Summer is a long vacation for all students in Vietnam, but it affords precious time for ethnic students in the nation's Central Highlands to work hard and prepare for the coming academic year.
From June to August, Mary Ben, 10, finished a catechism course and received her first Communion on Aug. 4. A fourth-grader, Mary attended courses in math and Vietnamese to prepare for the coming school year and reviewed fourth-grade subjects.
She is among 25 ethnic students in grades one through 12 who are attending summer courses held in Pleiku City by Dominican Sisters of St. Rose of Lima.
Mary spent time learning how to play the electronic organ and practicing hymns.
"I love playing the organ so I have to practice it and hope to play it in church in the future," the Jarai ethnic student said. "I am happy to spend the summer here taking helpful courses and playing with my friends."
Sr. Catherine Dang Thi Kim Thu, head of a five-person community that asked not to be identified, said the nuns teach math, English and Vietnamese to the students, who are from Sedang and Jarai ethnic groups. They also offer free accommodations and food without charge at the convent, where courses are held.
Thu said most ethnic students perform badly at school because they are not good at the national language of Vietnamese, speak only their ethnic tongues and have little contact with outsiders. Many students have to repeat the year two or three times.
She said the nuns have to tutor students in some main subjects in advance so that they can catch up with other students in the academic year, which starts in September.
She said many students, who live in remote villages and cannot regularly attend church, need to take catechism courses provided by the nuns in the summer to receive first Communion and confirmation later in the year.
Those who show a natural aptitude for music take music courses since they have no organs at their homes, she said.
Most of the children are from large, poor families who are short on food in the rainy summer season, so they choose to stay with the sisters.
Maria Hreng, a Sedang ethnic 11th-grader, said she worked for an orchid farm in June and July and was paid 6 million dong ($260). The nuns gave her free accommodation close to her job, and Maria took summer classes in August.
"I will use the money to buy clothes and books and cover school fees in the new school year," she said. Her younger sister, who will be in 10th grade this year, attended a summer music course.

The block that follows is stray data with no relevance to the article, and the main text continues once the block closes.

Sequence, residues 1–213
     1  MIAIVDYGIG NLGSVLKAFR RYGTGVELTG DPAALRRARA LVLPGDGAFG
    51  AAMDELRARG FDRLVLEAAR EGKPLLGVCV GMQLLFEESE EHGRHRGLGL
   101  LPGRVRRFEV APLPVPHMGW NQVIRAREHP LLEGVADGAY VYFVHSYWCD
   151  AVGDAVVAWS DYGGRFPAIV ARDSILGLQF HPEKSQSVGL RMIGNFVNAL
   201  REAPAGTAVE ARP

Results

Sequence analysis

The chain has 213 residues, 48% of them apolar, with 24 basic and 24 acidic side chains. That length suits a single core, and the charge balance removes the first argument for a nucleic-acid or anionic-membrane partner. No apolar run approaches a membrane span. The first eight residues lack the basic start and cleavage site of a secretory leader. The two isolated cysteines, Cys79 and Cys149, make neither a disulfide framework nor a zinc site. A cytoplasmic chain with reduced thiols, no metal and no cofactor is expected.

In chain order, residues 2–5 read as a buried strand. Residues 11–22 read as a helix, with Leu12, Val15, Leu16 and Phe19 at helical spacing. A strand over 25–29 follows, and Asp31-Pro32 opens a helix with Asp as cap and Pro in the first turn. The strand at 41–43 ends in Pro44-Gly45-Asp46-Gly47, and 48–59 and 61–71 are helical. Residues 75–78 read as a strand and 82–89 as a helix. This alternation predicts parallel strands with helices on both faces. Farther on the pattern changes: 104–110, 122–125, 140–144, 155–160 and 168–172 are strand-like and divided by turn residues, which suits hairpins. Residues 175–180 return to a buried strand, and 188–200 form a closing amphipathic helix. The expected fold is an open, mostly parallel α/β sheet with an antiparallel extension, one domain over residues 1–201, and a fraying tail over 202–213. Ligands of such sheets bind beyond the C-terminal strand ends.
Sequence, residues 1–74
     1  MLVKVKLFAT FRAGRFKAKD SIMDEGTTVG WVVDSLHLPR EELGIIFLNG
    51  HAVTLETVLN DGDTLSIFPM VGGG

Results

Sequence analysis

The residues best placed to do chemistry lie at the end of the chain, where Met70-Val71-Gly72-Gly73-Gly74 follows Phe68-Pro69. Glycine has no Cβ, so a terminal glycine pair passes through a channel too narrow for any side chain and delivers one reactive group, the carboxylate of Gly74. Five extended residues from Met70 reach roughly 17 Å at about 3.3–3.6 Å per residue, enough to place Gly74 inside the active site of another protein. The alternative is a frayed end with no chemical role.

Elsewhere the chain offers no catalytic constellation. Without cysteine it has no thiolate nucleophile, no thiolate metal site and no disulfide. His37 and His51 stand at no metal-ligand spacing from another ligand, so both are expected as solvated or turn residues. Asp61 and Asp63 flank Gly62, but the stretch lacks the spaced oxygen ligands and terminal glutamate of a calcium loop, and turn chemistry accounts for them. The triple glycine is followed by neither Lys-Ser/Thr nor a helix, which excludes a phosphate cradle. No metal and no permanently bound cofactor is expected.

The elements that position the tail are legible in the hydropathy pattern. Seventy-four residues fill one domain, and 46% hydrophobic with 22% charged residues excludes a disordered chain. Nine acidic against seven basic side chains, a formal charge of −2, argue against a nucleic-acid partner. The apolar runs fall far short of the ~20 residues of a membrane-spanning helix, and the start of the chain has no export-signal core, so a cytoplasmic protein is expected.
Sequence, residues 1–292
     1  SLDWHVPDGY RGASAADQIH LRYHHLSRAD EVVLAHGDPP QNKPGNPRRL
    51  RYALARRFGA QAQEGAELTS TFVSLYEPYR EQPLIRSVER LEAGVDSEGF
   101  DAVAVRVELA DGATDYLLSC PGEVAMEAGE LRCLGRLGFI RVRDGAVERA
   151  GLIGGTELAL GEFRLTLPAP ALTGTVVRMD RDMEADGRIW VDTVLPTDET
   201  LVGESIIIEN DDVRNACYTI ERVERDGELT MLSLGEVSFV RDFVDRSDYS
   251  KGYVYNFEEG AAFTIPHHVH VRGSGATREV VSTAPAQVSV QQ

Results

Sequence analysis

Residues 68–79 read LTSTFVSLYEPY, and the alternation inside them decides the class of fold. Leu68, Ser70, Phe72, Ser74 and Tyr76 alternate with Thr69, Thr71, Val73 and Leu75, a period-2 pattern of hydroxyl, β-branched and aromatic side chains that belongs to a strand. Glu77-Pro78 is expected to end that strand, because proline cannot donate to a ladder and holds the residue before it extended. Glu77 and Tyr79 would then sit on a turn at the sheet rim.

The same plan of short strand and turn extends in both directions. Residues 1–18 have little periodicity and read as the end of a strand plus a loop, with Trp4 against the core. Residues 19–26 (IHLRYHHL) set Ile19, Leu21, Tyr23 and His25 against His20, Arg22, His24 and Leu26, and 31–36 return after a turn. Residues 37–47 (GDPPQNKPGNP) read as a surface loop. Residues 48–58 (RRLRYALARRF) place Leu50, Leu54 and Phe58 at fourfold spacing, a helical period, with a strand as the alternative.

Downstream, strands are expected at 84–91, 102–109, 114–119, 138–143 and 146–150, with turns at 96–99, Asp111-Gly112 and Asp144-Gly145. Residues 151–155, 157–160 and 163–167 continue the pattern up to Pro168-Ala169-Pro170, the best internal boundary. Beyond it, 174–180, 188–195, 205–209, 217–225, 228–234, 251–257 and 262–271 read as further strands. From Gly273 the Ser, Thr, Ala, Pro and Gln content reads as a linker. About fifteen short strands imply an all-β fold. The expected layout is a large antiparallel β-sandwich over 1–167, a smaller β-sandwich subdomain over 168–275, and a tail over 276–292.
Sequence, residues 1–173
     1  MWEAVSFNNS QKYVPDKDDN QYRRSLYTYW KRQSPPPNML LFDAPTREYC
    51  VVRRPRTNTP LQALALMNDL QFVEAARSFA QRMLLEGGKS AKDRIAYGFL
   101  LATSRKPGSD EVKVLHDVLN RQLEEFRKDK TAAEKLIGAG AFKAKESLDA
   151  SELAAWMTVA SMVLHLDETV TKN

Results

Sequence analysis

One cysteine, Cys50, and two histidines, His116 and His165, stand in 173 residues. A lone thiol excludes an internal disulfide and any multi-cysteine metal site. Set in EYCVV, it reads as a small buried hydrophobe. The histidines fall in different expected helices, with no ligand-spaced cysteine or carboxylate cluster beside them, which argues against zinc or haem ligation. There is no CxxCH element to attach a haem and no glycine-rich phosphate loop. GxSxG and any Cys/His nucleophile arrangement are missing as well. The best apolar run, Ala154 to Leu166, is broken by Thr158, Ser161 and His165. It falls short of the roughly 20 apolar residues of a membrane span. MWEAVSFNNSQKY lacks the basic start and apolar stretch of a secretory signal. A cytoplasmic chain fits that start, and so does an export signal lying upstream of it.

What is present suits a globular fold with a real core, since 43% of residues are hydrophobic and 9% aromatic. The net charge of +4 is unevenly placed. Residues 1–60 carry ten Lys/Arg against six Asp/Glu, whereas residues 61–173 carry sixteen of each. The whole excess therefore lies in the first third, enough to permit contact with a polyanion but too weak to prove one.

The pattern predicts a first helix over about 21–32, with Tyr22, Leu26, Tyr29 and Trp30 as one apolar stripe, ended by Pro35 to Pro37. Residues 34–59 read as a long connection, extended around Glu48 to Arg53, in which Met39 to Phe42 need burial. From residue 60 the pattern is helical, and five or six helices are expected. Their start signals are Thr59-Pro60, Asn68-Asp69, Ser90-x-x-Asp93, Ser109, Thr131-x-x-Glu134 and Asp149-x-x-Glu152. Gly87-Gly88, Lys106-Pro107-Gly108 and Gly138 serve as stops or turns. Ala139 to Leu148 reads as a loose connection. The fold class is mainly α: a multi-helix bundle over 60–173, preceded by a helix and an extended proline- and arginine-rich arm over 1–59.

"We would not finish high school without the nuns' support," said Maria.
Thu said the nuns are assigned to serve ethnic villagers in remote areas. "We visit and offer them food, teach them catechism and Vietnamese at their villages, and give them pastoral care," she said. Most villages have no resident priests and nuns.
Local authorities in the communist country limit religious activities by preventing nuns from working with ethnic minority groups. Sisters are discouraged from giving students accommodation and faith education, erecting hostels or visiting villagers. The government refuses to allow nuns to reside in the area and build lodging.
Besides education, the sisters' work reduces the impact of a significant cultural problem in the area.
Sr. Mary Tran Thi Kim Cuc, a member of the Lovers of the Holy Cross of Phan Thiet, said summer courses are a helpful way to protect ethnic female students from getting pregnant by their relatives.
Extended family members traditionally sleep together on the same floor, and men take to drink after work, contributing to incidents of incest. Village children get married when they are 14 or 15 years of age.
As a result, some female students who are on summer holidays at home become pregnant or suffer psychological problems and have to leave school.
Cuc said this year the nuns provided free summer courses for 20 Banar and Jarai ethnic students at their house based in Gia Lai province.
A teenage girl, who will be in 12th grade next year and did not give her full name, said she was recently on vacation for two weeks at her home village.
The Jarai student, who has four siblings, said she dared not stay too long there because it is dangerous when young villagers drink and sleep together during village festivals. Many also take heroin, she said.
The girl said Lovers of the Holy Cross of Phan Thiet nuns tutor her in math because she has not performed well on the subject at school. She also learned how to behave more openly to those outside her ethnic group, maintain personal hygiene, deal with her problems and cook — lessons not taught in her village.
A Sisters of Providence community offers free summer courses and accommodation to 80 ethnic students at a church-run hostel in Kontum province.
The sisters said many children who suffer from malnutrition gain weight after taking their courses and having regular meals. Some, however, are returned to their homes because they miss their families or their parents demand their return.
Fr. Peter Nguyen Van Dong, the Kontum Diocese's vicar general, said the sisters' summer courses make a positive contribution toward getting children to go to school and increasing education among ethnic groups who live in poverty and do not put a priority on schooling.
Dong said village teachers ignore the quality of education for ethnic students and many fourth-graders cannot read and write Vietnamese well.
The Kontum Diocese has 23 congregations for women with 555 members, many of whom minister to 3,000 ethnic students over the summer.
The diocese, which covers both Gia Lai and Kontum provinces, is home to 30 ethnic minority groups. It serves 100,000 Catholics from the Kinh group (native Vietnamese) and 250,000 from 10 ethnic groups.
[Joachim Pham is a correspondent for Global Sisters Report based in Vietnam.]
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